Navigating the cobbled street corners into Quadrilatero della moda; the heart of Milan’s fashion district, our neatly coiffed tour guide Francesco exclaims, “Milano da bere” in a fiery Milanese tone. Literally translating to ‘Milan to drink’, this idiom derives from the city’s rise as an international hub for modern fashion and design in the 1980s.
Boutique fashion houses and jewellery stores line the ‘Piazzas’ and ‘Vias’. Shop panes are adorned with the latest chic attire and glazing trinkets, all considerately arranged in a minimalistic yet contemporary manner.
Crossing Via Monte Napoleone, regarded as one of the most famous streets in fashion, you can smell the Italian leather from stylish bags and genteel moccasins. The scent is occasionally disrupted by the warm aroma of coffee or the soft whiff of salmon hanging in the window of a high-end delicatessen. The arms of women are decorated with their purchases, in chic retail bags, as the mystery behind their sunglasses and the tap of their heels on the marble promenade garners the attention of sharply suited males.
Models marketing various brands nonchalantly stroll into the commotion of shoppers outside, trying to entice them into stores with their finely tinged Italian-American accents, “Bonjourno Sir, can I interest you in our finest silk dinner suit, si?” Manikins are ostentatiously dressed in the latest apparel, complemented with accessories. Milan is renowned for its ‘prêt-à-porter’ or ‘ready-to-wear’ garments. “Would you like to try sir?” Soon you are guided to the changing room; enclosed by wall mirrors and surrounded by various attractive individuals, sipping wine and immersed in the latest copy of Grazia. You emerge from the room in a luxury grey Italian dinner jacket, and a top hat, selected by the shop assistant to a chorus of “bellissimo”.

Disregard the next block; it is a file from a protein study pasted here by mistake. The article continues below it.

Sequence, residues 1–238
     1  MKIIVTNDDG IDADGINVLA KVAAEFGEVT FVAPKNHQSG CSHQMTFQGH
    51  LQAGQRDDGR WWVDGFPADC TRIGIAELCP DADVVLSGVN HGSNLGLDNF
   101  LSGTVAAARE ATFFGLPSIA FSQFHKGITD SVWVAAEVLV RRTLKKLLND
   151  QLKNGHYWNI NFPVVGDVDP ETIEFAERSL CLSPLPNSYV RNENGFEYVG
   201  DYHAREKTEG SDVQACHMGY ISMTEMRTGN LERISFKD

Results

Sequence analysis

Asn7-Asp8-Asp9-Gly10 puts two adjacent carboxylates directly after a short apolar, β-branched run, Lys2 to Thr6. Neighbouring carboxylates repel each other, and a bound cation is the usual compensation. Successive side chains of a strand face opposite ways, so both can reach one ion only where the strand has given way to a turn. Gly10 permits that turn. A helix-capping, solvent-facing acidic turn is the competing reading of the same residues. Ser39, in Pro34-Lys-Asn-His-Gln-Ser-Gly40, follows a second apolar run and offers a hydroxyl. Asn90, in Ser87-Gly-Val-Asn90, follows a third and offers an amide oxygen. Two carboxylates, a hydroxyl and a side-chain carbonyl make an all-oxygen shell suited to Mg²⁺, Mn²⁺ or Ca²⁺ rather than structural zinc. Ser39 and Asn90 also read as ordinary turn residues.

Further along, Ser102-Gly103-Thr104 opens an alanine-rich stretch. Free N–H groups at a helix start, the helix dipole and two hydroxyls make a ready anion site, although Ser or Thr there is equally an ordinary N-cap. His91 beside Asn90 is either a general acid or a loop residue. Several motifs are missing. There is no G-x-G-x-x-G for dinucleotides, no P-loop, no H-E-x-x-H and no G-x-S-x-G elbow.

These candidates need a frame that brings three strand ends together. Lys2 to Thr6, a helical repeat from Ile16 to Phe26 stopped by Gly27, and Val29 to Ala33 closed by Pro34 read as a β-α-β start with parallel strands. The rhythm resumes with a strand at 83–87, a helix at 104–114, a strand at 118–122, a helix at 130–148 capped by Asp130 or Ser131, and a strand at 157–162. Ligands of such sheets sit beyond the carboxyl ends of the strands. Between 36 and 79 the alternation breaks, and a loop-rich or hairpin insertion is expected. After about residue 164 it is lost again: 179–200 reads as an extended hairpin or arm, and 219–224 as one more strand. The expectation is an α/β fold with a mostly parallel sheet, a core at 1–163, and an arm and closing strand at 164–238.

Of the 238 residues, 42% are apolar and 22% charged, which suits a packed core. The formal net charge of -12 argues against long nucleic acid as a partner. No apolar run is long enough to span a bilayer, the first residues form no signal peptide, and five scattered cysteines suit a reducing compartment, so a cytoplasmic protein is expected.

Beyond the glass-vaulted arcades of the Galleria Vittorio Emanuele II, Milan’s famous Duomo opens up in front of you. Here the ancient and modern Italian renaissances begin to meet; a modern materialist passion touches the extravagance of Italy’s historic architectural and artistic prowess. As Francesco prepares to leave us in the cathedral’s shadow, he yells emphatically “il dolce far niente”.
This translates to ‘pleasant idleness,’ and would seem a more fitting caption to the often stereotyped Mediterranean family picking olives from their groves, like in a Bertolli advert. Yet the Milanese sit-back as the quality of their creations sell themselves. Da Vinci famously lamented “I have offended God and mankind because my work didn’t reach the quality it should have.” Milan, the home of his prominent painting, ‘The Last supper’-has manifested his ambitions.